David Silva set to return for Manchester City for the Manchester derby, manager Manuel Pellegrini reveals

Spanish winger has missed City's last two matches with a thigh injury

Manchester City manager Manuel Pellegrini will be able to call upon David Silva for the Manchester derby on Sunday.

The Spanish winger has recovered from a thigh injury which has kept him out of the club’s last two matches and is set to feature against Manchester United. Full-back Micah Richards could also return for City at the Etihad Stadium, he had been sidelined with a hamstring injury and is yet to play for the club this season. Gael Clichy, however, is training with the first-team again but is a doubt, and new signing Martin Demichelis is out with a knee injury.

"Richards is working normally with the whole squad, same thing for David Silva and Clichy starts now.

"Maybe he [Clichy] will not be ready for next Sunday but all the other players, except [Martin] Demichelis, are fit, no problems."

Vincent Kompany will lead out Pellegrini’s side, having only recently returned to the City team from injury himself, and the Chilean is only too pleased to have his captain back in his team. Kompany completed the full match in City’s 3-0 Champions League victory at Viktoria Plzen on Wednesday.

"I think Vincent is a very important player for us," Pellegrini said.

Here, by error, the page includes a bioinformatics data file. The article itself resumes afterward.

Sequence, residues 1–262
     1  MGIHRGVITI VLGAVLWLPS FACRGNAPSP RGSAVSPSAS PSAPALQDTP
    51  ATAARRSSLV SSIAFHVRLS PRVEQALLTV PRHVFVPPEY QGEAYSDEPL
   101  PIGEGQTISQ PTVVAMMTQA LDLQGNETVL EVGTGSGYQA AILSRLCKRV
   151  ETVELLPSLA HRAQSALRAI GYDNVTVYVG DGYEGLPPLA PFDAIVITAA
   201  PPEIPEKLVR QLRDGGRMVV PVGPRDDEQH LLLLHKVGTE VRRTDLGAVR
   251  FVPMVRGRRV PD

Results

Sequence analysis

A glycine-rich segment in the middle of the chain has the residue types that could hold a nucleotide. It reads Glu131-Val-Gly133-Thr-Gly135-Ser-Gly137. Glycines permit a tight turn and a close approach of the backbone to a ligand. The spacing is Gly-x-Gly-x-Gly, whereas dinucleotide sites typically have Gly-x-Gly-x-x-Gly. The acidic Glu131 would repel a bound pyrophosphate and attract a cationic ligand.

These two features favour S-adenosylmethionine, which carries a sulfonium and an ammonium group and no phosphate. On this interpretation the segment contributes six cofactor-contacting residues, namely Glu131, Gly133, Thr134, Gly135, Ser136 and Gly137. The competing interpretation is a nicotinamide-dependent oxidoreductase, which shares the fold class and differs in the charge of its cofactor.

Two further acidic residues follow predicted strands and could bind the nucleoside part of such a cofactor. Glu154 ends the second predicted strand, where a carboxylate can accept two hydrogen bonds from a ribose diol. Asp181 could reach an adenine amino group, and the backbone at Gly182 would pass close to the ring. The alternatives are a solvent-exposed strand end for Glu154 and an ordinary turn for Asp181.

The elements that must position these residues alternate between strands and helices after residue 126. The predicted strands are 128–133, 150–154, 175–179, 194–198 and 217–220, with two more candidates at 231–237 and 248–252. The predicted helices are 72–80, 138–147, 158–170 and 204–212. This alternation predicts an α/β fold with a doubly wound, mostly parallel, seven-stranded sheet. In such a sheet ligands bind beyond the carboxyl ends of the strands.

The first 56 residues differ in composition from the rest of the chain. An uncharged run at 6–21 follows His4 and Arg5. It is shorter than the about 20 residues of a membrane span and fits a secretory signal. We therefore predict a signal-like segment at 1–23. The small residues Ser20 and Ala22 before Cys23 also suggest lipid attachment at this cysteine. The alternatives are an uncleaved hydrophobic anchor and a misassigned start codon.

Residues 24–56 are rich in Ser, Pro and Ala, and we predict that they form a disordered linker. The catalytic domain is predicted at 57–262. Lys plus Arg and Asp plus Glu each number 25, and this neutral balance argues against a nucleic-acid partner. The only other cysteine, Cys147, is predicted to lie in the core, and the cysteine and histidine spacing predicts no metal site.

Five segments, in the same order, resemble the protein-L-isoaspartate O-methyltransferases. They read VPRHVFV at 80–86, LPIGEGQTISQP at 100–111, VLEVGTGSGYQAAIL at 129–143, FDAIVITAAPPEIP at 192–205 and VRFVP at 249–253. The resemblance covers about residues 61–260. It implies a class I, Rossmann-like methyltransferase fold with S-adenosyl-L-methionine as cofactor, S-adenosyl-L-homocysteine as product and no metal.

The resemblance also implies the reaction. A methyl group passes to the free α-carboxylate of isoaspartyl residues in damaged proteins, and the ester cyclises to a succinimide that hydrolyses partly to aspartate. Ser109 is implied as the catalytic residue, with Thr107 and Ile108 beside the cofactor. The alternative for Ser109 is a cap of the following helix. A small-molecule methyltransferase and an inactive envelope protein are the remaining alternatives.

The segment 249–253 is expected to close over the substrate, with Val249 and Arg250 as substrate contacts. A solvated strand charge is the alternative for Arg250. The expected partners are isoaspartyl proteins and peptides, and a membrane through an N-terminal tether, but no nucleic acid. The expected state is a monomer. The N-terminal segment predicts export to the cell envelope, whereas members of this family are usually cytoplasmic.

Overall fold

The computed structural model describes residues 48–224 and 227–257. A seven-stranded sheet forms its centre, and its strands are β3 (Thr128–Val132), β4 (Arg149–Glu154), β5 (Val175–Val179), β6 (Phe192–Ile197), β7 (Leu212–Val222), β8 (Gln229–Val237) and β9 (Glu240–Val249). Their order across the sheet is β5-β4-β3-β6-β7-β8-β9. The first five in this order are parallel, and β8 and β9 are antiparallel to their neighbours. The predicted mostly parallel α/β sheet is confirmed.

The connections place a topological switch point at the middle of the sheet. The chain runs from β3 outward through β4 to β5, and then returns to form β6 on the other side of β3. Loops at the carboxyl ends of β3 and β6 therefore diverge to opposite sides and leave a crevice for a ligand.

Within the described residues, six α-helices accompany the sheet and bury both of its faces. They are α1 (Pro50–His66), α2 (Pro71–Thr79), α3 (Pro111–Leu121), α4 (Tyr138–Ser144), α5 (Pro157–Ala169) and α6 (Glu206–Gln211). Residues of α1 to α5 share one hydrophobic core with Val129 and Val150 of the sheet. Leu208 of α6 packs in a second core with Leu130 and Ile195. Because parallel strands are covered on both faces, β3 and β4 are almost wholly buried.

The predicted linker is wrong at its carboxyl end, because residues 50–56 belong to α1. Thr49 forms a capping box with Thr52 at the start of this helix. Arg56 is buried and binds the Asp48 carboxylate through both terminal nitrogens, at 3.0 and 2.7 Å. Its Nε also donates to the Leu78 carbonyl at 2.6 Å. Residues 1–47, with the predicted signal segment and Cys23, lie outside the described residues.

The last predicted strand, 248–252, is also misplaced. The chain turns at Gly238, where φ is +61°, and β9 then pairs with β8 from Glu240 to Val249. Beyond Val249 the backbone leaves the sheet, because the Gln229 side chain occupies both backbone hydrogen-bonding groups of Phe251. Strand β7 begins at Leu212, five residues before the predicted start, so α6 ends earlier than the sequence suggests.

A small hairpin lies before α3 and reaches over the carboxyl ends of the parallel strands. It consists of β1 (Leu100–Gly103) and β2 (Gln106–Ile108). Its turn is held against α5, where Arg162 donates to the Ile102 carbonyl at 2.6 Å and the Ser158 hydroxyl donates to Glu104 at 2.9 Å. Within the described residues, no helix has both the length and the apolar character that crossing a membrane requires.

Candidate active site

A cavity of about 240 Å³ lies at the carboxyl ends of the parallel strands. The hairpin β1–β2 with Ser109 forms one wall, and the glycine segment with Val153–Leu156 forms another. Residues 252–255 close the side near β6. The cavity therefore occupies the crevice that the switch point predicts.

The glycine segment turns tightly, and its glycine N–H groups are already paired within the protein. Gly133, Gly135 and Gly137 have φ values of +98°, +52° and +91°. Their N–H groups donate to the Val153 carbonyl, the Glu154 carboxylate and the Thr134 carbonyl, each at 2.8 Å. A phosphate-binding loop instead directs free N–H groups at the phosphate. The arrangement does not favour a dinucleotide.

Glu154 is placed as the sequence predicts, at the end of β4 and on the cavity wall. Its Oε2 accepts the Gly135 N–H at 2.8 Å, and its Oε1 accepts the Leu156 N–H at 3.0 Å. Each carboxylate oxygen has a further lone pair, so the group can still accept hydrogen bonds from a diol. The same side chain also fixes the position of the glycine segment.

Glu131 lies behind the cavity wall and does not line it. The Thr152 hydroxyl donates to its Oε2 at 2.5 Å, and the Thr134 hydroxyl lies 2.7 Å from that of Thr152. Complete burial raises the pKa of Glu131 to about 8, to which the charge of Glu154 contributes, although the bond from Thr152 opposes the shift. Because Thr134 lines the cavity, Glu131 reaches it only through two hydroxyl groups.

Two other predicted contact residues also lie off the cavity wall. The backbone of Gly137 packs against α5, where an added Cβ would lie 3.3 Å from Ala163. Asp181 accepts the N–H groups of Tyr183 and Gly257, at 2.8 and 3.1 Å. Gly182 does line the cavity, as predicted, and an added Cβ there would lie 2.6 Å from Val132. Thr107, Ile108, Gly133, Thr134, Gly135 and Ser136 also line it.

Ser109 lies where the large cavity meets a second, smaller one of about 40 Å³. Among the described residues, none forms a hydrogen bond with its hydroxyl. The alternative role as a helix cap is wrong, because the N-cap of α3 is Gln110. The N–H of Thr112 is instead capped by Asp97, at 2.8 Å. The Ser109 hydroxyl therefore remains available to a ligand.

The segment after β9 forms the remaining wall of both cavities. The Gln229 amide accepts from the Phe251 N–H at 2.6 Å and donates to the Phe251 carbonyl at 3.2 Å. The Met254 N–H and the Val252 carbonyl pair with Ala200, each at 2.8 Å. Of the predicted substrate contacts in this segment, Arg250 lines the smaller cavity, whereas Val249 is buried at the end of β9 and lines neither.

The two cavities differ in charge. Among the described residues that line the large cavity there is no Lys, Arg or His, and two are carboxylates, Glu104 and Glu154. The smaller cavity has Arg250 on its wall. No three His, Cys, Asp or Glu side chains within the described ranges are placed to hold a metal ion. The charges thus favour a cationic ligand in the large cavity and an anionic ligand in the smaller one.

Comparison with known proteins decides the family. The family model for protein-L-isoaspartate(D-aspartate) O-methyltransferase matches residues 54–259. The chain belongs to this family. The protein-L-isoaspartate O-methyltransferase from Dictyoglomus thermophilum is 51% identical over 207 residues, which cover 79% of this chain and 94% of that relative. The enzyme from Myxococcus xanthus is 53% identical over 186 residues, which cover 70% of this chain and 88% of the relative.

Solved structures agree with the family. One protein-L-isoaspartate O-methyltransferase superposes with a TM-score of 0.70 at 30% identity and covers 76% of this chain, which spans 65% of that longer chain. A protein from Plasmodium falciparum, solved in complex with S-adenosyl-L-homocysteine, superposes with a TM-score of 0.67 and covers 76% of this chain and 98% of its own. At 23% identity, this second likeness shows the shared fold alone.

"We worked well without Kompany. If you see our numbers in games he didn't play, we had three clean sheets, but he is always important. He gives confidence to the whole team."

Despite it being his first derby in England, Pellegrini is only too aware of the importance of Sunday’s contest, calling it a "six point" match.

"I don't need to be here to know how important the derby is, but working here and living here I know it is a special game," Pellegrini said.

"It is a match of six points. It is very important to win, [against] one of the most important teams.

"Manchester United will always be one of the teams trying to win the Champions League, so playing at home against Manchester United is very important.

"It is more important to win than not to lose. Of course if you cannot win it is better not to lose, but we will try to win from the beginning."

News
One Direction's Zayn Malik gazes at a bouquet of flowers in the 'Night Changes' music video
people
News
people
News
'Free the Nipple' film screening after party with We Are The XX, New York, America - 04 Feb 2014
news
Arts and Entertainment
Russell Tovey, Myanna Buring and Julian Rhind Tutt star in Banished
tvReview: The latest episode was a smidgen less depressing... but it’s hardly a bonza beach party
Have you tried new the Independent Digital Edition apps?
Caption competition
Caption competition
  • Get to the point
Latest stories from i100
Have you tried new the Independent Digital Edition apps?

Bleacher Report

Daily Quiz
Independent Dating
and  

By clicking 'Search' you
are agreeing to our
Terms of Use.

Day In a Page

The saffron censorship that governs India: Why national pride and religious sentiment trump freedom of expression

The saffron censorship that governs India